Ballard responds to city-designated encampment site

Echoing the discussion of the Ballard community, the Ballard Chamber of Commerce has voiced its concerns to the city this week regarding the announcement of transitional encampments on city-owned properties. MyBallard reported on the controversial announcement last Tuesday, receiving a long thread of reader comments.

The commerce believes the Ballard community has a strong sense of civic duty and understands well that all Seattle residents should support their neighbors most in need. However, there has been great frustration expressed concerning the lack of public communication and partnership prior to the selection of the central Ballard site, according to Executive Director Mike Stewart.

One of the neighboring communities to the proposed site, Ballard Eagleson VFW hall, was surprised they were not notified.

“No one from the city ever came to talk to us,” says post-commander of VFW Aaron Stoltz. He says that some of VFW’s members are shaken up by this decision and he believes it may affect his elderly members’ abilities to attend meetings peacefully.

Businesses like the KISS cafe, located across the street from the proposed site, are upset by the decision. KISS cafe Co-owner Oakley Carlson says: “If [Mayor] Murray and the city planners don’t understand that this will be extremely detrimental to the hard-working small businesses, it would remain consistent with their mindset that having a homeless encampment across the street from a major tourist destination, and right next to a liquor store [and three bars] is good for the city as a whole.”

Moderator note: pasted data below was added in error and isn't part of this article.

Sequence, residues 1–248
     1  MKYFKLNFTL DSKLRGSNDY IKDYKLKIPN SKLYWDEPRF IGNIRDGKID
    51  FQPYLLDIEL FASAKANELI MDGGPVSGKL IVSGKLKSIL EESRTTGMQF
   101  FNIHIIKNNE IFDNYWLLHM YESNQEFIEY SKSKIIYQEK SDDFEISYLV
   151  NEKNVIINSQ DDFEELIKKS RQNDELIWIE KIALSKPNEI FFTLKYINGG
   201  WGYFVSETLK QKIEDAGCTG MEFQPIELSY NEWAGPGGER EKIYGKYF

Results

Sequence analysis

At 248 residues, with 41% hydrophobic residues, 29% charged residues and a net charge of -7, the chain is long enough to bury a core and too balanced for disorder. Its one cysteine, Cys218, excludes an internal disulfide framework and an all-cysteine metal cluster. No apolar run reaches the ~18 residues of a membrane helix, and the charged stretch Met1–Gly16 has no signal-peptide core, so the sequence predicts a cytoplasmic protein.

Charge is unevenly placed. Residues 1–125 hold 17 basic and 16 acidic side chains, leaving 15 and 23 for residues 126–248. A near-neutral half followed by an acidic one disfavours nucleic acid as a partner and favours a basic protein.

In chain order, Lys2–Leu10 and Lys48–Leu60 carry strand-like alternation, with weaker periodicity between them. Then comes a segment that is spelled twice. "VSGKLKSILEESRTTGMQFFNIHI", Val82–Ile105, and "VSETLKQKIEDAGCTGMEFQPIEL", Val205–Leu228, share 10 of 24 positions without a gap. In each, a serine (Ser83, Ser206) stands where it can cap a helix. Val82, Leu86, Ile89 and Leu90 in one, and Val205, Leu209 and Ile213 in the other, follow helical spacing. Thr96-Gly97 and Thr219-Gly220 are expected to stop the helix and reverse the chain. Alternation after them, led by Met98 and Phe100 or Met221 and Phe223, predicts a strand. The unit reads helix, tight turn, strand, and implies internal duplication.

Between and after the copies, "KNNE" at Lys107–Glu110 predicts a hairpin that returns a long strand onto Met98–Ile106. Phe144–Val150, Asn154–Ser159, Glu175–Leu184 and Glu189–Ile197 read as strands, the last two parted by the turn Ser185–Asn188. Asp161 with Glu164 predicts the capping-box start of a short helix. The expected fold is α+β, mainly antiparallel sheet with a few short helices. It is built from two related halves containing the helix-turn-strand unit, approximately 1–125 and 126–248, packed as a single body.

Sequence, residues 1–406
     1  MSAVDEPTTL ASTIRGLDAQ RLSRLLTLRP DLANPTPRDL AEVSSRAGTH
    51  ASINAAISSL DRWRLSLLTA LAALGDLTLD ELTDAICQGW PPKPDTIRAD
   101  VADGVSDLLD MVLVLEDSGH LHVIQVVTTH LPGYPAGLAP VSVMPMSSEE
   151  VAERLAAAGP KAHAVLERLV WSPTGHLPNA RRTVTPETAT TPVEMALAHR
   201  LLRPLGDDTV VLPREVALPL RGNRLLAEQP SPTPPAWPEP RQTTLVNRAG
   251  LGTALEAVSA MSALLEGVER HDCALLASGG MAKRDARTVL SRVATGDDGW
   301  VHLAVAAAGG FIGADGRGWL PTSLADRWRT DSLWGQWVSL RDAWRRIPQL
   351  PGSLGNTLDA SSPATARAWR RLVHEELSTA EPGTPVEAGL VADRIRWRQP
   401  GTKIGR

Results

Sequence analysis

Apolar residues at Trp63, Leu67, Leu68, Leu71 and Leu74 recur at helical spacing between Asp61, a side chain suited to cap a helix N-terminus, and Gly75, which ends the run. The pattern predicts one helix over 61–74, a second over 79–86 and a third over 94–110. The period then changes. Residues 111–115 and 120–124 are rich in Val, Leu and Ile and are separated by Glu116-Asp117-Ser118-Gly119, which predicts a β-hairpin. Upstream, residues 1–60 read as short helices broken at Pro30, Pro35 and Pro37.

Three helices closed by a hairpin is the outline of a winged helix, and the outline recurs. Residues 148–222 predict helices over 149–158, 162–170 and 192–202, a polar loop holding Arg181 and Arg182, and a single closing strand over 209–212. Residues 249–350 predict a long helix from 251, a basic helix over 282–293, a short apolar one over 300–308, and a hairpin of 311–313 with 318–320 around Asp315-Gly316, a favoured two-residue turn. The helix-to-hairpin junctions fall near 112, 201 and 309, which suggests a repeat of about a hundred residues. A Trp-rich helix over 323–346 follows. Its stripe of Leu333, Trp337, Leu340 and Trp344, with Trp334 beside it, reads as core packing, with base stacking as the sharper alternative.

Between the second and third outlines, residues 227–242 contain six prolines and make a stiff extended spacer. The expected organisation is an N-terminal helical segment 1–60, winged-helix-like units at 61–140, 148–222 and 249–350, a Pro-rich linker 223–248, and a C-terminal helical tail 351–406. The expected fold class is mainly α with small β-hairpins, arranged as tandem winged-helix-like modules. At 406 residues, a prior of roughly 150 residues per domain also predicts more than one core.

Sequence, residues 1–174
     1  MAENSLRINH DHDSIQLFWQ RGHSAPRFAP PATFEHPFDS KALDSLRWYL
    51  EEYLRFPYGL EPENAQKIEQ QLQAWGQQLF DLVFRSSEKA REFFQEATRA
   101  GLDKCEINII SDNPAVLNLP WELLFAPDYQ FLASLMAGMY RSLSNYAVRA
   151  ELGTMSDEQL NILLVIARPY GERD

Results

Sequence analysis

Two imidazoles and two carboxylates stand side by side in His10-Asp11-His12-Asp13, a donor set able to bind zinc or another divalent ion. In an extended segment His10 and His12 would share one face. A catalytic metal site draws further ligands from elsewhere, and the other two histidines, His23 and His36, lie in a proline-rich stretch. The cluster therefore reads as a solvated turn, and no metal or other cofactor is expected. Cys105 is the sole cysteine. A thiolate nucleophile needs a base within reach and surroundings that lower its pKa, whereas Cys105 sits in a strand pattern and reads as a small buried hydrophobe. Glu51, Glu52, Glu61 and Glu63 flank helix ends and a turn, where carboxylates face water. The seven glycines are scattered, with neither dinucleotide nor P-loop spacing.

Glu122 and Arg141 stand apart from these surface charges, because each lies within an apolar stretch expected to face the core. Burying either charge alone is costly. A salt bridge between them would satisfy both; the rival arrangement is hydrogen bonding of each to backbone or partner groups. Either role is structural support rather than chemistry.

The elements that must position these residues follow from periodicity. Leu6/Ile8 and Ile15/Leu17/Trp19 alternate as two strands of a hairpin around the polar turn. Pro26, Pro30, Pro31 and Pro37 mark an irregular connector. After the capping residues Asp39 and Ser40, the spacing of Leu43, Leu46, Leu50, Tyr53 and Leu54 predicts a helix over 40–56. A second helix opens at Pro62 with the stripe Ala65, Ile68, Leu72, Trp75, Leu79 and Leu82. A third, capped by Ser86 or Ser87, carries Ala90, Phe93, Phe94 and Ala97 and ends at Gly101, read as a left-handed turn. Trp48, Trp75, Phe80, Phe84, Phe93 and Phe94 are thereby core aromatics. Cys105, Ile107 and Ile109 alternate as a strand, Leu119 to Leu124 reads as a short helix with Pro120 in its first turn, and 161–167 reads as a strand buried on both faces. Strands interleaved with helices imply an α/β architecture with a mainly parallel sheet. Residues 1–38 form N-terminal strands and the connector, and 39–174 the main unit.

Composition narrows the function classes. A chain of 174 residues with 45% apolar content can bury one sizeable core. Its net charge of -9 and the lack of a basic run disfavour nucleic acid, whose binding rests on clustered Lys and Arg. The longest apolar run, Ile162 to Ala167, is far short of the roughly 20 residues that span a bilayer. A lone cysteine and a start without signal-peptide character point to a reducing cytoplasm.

The Sloop’s written response as posted on their window.

The Sloop Tavern posted a similar response in the form of a notice to customers on the front of their establishment.

Residents have taken to heated commentary on MyBallard threads and others including the forum Nextdoor Ballard regarding the location choice.

Among the most positive opinions, resident Jason Alberts writes on Nextdoor: “Support like this for the growing homeless population is needed and important. The choice of this Ballard location is a bit of a surprise, though.” He comments that, in contrast, the Interbay location makes sense.

The Ballard Chamber hopes to identify a more suitable location than the current preferred site at 2826 NW Market Street.

Among their efforts this last week, the commerce has sent a joint letter to Mayor Murray, in conjunction with the Ballard Partnership for Smart Growth, the Central Ballard Residents Association and the North Seattle Industrial Association. Read the open letter here, which voices concern that the site selection process to date has been unacceptable, and demands an appropriate public process.

Members have also secured a meeting with the Mayor’s office and key leaders at the Department of Planning and Development, the Department of Neighborhoods, and the Human Services Department. They plan to recommend a city-sponsored community meeting in Ballard.

“We have a commitment from City officials to conduct a community meeting on this matter in the very near future,” says Stewart.

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